The average person spends three hours per day on his phone – that’s almost 20% of your waking hours! I love mobile devices and in many situations they do make me more productive, which means I can enjoy more of the things I appreciate in life. But I reckon that if you spend a fifth of your day engaged with your phone, any gain in productivity is surely being lost. These figures are only for smartphones, image how much more time if we include all electronic devices.
‘Everything with moderation’ says the old adage but when it comes to connectivity we can never have enough, we are constantly craving more. Our mobile devices are readily available and always have something new and stimulating to offer – the richness of the digital world is very engaging – it’s really hard to resist the temptation. Apple didn’t create a phone to spend the day in our bags. Smartphones were designed to be repeatedly used and we all fall for it – without giving much or any thought, we keep distracting ourselves with digital experiences, some say 221 times per day!
This hyper connectivity with bits and bytes is disconnecting us from ourselves and the physical world. We chat to our friends on the phone while watching YouTube videos or check our emails. Children in the playground swings scream out to parents totally absorbed by their phones. There is no limit, we are always on. I’m sure the digital richness of our lives is in many ways making us poorer. Science shows that the over use of technology is making our brains smaller and affecting our ability to pay attention. And as we continually focus our attention in the digital world there is little mental space left for reflection and learning about ourselves which limits our ability to develop self-awareness and self-regulation. Unable to regulate our impulses we become even more addicted to our digital devices. It’s a vicious cycle.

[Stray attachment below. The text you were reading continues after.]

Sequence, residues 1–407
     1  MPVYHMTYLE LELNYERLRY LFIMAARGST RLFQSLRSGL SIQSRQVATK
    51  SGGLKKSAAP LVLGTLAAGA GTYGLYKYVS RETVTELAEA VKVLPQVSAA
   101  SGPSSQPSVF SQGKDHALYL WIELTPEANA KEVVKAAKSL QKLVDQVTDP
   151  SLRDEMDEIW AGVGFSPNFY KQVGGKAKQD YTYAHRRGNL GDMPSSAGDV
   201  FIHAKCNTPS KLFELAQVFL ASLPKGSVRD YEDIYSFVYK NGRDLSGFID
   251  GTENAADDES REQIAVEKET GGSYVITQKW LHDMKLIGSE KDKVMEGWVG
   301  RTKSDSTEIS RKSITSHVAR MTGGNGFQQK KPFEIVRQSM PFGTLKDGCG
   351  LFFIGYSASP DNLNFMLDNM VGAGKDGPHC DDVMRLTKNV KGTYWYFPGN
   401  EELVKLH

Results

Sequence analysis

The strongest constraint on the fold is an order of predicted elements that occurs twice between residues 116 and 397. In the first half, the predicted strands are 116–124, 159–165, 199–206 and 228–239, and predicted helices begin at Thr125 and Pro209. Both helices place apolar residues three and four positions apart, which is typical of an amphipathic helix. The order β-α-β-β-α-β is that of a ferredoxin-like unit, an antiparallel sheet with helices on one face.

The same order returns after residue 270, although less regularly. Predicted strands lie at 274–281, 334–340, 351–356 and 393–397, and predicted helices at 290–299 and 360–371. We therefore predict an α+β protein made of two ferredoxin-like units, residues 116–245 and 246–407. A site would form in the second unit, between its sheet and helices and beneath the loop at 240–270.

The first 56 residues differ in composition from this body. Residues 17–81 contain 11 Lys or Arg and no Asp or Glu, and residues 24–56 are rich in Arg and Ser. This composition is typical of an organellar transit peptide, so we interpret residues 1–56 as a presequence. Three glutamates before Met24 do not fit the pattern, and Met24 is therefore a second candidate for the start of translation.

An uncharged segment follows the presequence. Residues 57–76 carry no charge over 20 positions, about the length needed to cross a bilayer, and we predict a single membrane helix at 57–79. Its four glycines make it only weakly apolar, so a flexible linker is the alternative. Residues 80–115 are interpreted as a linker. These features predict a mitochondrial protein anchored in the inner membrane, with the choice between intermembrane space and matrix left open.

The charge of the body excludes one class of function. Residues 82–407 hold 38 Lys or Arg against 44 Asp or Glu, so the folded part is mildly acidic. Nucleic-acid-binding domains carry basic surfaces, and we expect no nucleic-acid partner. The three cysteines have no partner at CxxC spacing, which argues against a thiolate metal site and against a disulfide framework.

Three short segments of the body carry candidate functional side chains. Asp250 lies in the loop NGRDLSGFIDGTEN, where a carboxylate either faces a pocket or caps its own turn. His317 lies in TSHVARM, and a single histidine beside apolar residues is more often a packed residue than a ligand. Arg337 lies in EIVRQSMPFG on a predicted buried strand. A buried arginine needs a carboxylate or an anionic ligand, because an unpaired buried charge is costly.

I’m particularly concerned with the digital natives, the children brought up in the digital age, as this hyper connectivity is the only reality they know. “No child should have to endure this suffering” my eldest declared when I didn’t let him bring his tablet in a recent car trip. My parents used to take four kids on three-hour car rides to the farm every week and we would play games, appreciate the small towns, people and nature. Mum and dad had to endure our bickering in the back seat and the “are we there yet?”. But being present to what was happening, the good, the bad and the boring, was part of the experience. These days it’s hard to find anyone willing to put up with the boring or unpleasant bits. We quickly inject a dose of mental stimulation to alleviate the pain of the present moment.
I love technology and am not advocating for anyone to retire their devices. I just think we should be more mindful of how and how much we use them. Do you really need to take your phone to the toilet with you? I once found an iPhone in the toilet, in the top of the toilet paper dispenser. We need to re-learn how to set limits and prioritise what really deserves our attention. When I notice my kids watching TV while playing with their tablets, I ask them to choose either one. If something isn’t worth our undivided attention, it’s not worth out attention at all.
Our devices should be used to enhance our lives, not detract from it. The digital experience is exciting but let’s not let it disengage us from the physical world and carry us away from a much richer experience that is real life.